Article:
In Los Angeles, 85 percent of the youth picked up by law enforcement in sex trafficking raids have a history with child protective services, according to a new report that provides details on how the county serves exploited youth in the wake of new California laws.
The Los Angeles County report offers a look at how the county is faring with the implementation of laws pertaining to the commercial sexual exploitation of children (CSEC). Researchers from California State University, Los Angeles and the National Center for Youth Law shared statistics and analysis of exploited girls and women being served through child welfare or probation.
In 2014, Los Angeles County implemented a new First Responder Protocol (FRP) to guide interactions between law enforcement and sexually exploited youth. The new system helps law enforcement identify trafficking victims and collaborate with other agencies to help those youth escape exploitation and heal from their trauma, while focusing on holding exploiters and buyers accountable.
Since then, 361 exploited children and teens have been “recovered” by law enforcement – meaning they were picked up but not arrested in the course of raids on adult traffickers. All but two of them are female, and 71 percent are black.
Of the recovered youth, 85 percent had a prior child welfare referral. There were a total of 3,255 child welfare referrals made for those youth, an average of more than 10 per child.
There were 441 arrests of exploiters and those purchasing sex from exploited minors in the first eight months of 2018. Task force decoys and targeted online messaging seek to discourage or apprehend would-be buyers.
The report also found that running away from group homes accounted for the vast majority of placement changes. Medium-size group homes, or those with between seven and 23 beds, had the lowest rates of runaways of all group home placements.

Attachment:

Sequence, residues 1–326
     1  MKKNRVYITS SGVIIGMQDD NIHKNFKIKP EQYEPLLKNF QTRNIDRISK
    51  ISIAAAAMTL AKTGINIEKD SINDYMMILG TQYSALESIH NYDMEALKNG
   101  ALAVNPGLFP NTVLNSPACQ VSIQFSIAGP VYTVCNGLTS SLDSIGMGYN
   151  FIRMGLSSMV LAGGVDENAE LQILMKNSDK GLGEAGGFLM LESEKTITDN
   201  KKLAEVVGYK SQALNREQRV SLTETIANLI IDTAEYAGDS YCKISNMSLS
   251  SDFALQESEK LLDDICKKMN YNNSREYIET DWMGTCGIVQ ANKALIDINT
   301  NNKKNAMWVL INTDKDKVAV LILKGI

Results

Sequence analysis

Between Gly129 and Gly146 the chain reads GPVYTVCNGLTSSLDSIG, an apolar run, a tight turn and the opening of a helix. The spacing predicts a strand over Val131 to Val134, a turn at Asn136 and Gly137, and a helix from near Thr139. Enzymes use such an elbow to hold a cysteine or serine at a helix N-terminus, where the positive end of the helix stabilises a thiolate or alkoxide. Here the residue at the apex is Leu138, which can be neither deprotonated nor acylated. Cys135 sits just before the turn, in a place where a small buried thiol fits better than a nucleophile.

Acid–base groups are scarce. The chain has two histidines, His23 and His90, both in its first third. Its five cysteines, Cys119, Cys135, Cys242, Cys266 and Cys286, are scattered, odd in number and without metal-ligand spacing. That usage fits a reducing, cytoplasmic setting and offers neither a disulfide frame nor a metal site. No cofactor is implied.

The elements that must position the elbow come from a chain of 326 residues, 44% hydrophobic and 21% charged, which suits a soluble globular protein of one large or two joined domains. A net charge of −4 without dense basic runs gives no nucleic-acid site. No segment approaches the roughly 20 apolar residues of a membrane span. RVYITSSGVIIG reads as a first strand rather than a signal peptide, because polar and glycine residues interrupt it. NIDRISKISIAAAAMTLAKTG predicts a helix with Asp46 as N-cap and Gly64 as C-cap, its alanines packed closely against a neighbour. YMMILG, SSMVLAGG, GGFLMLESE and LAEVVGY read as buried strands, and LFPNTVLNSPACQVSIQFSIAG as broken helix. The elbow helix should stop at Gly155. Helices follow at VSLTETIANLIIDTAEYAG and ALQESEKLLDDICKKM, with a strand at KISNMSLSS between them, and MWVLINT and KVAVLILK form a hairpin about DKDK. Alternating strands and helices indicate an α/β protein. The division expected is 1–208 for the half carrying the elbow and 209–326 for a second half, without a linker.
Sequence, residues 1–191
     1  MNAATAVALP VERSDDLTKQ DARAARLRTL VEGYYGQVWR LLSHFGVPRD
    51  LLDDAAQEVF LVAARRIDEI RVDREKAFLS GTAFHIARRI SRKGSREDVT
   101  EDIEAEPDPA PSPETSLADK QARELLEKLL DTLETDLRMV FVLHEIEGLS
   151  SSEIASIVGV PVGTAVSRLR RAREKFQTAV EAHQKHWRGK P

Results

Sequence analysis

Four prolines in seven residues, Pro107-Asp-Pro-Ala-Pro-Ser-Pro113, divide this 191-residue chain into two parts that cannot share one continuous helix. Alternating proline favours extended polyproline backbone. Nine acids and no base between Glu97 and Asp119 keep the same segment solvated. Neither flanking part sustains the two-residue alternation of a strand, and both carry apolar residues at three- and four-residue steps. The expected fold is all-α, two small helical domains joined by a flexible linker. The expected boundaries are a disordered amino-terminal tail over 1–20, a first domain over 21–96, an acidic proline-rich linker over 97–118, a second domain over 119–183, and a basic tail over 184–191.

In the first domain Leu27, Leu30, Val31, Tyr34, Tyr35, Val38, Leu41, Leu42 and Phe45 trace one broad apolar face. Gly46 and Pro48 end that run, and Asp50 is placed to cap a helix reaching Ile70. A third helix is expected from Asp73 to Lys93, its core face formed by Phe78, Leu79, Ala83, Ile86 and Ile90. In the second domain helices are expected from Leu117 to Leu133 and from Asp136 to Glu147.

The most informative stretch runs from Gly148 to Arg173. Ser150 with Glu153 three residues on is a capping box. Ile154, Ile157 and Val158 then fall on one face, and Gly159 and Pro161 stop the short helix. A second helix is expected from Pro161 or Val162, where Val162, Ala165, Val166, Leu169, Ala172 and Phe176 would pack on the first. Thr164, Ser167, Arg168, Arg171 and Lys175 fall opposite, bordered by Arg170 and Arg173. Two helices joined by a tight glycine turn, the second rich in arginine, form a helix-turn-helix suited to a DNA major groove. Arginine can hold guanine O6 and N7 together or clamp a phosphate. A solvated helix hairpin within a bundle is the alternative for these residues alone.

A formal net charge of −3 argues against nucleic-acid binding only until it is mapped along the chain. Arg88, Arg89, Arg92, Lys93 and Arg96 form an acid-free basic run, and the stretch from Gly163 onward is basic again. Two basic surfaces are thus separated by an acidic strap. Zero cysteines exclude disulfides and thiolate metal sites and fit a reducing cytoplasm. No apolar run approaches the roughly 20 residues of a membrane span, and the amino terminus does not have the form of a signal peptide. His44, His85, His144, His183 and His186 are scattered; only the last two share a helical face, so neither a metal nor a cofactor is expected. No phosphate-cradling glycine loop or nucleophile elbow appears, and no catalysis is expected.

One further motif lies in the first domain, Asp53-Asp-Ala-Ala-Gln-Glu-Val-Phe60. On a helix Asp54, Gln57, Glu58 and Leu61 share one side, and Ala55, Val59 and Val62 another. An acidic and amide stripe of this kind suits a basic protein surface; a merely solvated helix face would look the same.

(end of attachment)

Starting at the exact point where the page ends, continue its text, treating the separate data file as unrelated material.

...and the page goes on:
The data also indicates that exploited youth being served through the probation department are more often receiving specialized services than those being cared for through child welfare. Youth surveyed listed specialized social workers and probation officers as among the most helpful services; of the probation sample, 57 percent had a specialized officer, but only 3 percent of the child welfare sample had a specialized social worker. The probation CSEC sample was also more likely to be working through a special court, and have a CSEC advocate.
Historically, children and teens found engaging in sex work were often saddled with prostitution charges rather than being provided services or taken into protective custody. More recently, the paradigm has shifted to view these young people as victims rather than criminals.
In 2015, the California legislature passed a law which required county child welfare and probation agencies to create rules about how to identify and serve commercially sexually exploited children and at-risk children. A subsequent law the next year — Senate Bill 1322 — prohibited law enforcement officers from arresting minors for prostitution, and directed counties to create an alternative response from those agencies.
Human trafficking is a $150-billion-a-year global industry, one of the most profitable criminal activities just behind drug trafficking and currency counterfeiting. As many as 300,000 American children are involved each year, and the FBI has designated Los Angeles as one of the country’s main trafficking hubs.
Drawing from youth surveys, the report shared feedback on what youth found helpful and their opinions as to what services could be improved.
The CSEC youth surveyed expressed a preference for small, local placements and more access to see family, and the desire for group home staff to be consistent and have better training specifically around exploitation to improve rapport between staff and residents.
And more than just treatment for their trauma and help moving safely past it — they want a reason to keep pushing forward and fighting for their future.
As one young woman referred to as Jada put it, “Y’all should give the girls hope, like they have something to live for.”
Read the full report here.
Correction: This article originally misidentified the National Center for Youth Law as the National Youth Law Center. It has been updated to correct that error.